Oral health is as important for your dog Sophie as it is for you. Even if she is an older dog with built-up tartar, she will benefit from daily brushing with enzymatic toothpaste. Daily use will reduce the amount of tartar and plaque on her teeth and the paste's mild polishing compound makes Sophie’s teeth whiter too. Enzymatic toothpastes come in flavors like beef and poultry to make daily brushing a palatable and enjoyable activity.
What Is in Enzymatic Toothpaste?
Enzymatic toothpaste contains an enzyme called glucose oxidase that is made from the same fungus that produces penicillin. When glucose oxidase is in the presence of glucose and oxygen, it becomes antibacterial.The enzymes generate hydrogen peroxide that targets plaque and tartar. Unlike human toothpaste, which will make your Sophie very ill, enzymatic toothpaste doesn’t have to be rinsed from her mouth because she can safely swallow it.
Why Use Enzymatic Toothpaste?
According to a 2011 study by Banfield Pet Hospital, the most common illness facing dogs is dental disease and 78 percent of dogs aged three and up have it. Symptoms of dental disease are bad breath, yellowed tartar at the gum line, broken teeth, loss of appetite, gum inflammation and heavy drooling—including bloody saliva. Dr. Patrick Mahaney contends that bacteria from inflamed gums enters your dog’s bloodstream and causes damage to the heart and other organs. Dental disease is preventable with daily brushing with enzymatic toothpaste. The enzymes only have to come into contact with your dog’s teeth to provide protection from infected teeth, gum disease, pain and inflammation.
Introduce Your Dog to Teeth Brushing
The best way to begin using enzymatic toothpaste is when your dog is still a puppy. Fear not, older dogs can get used to it too. Before you jump in your dog’s mouth armed with a toothbrush and enzymatic toothpaste, spend a couple of days letting her get used to you touching her mouth, teeth and gums. Then you can spread a dab of enzymatic toothpaste on a soft people toothbrush, a shorter handle doggie toothbrush, fingertip brush, wash cloth, small piece of clean fabric or gauze and massage Sophie’s teeth and gums. You won’t be able to reach every place in her mouth. Not to worry, the enzymatic toothpaste will remain in her mouth and her natural tongue movement will finish the job.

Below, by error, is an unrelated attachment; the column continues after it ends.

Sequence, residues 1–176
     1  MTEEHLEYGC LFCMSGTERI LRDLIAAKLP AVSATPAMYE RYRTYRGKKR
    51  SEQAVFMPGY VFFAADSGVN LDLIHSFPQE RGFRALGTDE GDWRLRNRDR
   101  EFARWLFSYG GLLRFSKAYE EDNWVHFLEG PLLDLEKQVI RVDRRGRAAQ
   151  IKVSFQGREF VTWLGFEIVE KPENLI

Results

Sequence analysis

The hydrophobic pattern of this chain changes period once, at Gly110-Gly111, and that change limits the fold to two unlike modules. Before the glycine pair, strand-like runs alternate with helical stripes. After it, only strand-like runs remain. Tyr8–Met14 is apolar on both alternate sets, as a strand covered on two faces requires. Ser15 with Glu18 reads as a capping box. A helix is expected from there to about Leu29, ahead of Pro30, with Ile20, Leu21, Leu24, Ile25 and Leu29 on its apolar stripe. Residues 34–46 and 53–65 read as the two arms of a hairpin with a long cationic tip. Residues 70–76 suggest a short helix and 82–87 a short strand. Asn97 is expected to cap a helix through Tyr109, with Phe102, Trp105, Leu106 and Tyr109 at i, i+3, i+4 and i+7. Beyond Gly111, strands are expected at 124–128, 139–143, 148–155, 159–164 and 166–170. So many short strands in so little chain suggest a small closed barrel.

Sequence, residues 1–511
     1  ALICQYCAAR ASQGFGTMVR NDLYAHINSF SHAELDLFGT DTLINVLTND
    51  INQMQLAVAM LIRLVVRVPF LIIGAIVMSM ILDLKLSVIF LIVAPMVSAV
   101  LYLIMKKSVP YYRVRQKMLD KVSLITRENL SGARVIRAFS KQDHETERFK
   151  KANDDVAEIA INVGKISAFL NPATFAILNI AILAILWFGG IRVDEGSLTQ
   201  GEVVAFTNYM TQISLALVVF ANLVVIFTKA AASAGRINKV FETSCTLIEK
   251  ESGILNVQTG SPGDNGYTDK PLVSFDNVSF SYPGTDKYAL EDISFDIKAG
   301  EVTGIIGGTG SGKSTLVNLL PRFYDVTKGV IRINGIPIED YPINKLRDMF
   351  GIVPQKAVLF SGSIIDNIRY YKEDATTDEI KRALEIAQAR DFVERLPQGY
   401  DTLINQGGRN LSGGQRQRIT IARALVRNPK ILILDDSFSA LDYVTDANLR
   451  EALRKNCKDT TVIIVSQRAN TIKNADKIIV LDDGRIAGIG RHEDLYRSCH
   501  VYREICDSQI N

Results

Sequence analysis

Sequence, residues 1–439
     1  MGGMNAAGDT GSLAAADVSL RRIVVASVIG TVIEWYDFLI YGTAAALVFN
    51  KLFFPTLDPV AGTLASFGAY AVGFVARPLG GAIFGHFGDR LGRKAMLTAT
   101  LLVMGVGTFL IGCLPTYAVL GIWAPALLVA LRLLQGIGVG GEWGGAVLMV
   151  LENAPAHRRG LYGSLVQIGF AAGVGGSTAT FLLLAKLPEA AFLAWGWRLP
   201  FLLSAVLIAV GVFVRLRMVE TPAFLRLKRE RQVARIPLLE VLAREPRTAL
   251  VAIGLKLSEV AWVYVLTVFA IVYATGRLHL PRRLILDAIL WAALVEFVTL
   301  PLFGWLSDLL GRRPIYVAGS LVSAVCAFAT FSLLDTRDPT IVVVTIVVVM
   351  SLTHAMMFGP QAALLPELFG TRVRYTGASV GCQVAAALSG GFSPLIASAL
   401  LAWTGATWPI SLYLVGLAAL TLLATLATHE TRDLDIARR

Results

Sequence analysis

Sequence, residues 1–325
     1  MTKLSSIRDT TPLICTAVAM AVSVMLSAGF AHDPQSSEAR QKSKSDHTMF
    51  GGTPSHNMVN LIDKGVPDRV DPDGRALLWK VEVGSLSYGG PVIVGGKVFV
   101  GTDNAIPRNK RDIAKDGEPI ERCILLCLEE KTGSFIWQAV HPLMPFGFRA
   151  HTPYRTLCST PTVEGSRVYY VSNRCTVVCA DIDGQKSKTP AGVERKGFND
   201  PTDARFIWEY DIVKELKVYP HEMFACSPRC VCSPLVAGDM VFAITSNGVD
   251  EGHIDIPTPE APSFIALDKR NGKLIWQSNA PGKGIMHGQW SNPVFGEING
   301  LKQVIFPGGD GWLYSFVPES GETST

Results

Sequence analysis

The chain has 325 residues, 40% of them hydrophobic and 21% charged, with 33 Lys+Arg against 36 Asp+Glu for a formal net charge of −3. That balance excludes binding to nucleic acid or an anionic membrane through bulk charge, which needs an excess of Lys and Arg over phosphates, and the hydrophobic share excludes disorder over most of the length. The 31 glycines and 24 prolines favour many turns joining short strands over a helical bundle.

Check the label to insure the enzymatic toothpaste you’re buying doesn’t have xylitol listed as an ingredient. Even in small amounts, xylitol is toxic to dogs. Their liver becomes damaged because it can’t filter the xylitol out. According to veterinarian Dr. Jennifer Coates at Pet MD, there is no known anecdote for xylitol. So to be safe, opt for enzymatic toothpastes without this ingredient.
Always check with your veterinarian before changing your pet’s diet, medication, or physical activity routines. This information is not a substitute for a vet’s opinion.
- Vet Info: Canine Dental Care With Petrodex Enzymatic Toothpaste
- Vet Info: Why Dog Toothpaste is Essential for Pet Care
- Banfield Pet Hospital: State of Pet Health 2011, Volume One
- Pet MD: The Importance of Oral Health Care for Dogs
- Pet MD: Importance of Periodontal Health in Maintaining Your Pet’s Healthy Heart
- Pet MD: Xylitol: A Menace to Dogdom That Deserves Its Place In the Garbage Heap of Products Gone Wrong
- Medi Lexicon: Dictionary: Glucose Oxidase
Based in Las Vegas, Sandy Vigil has been a writer and educator since 1980. She taught high school and middle school English and drama for 11 years. Vigil holds a Master of Science in teaching from Nova Southeastern University and a Bachelor of Arts in secondary English education from the University of Central Oklahoma.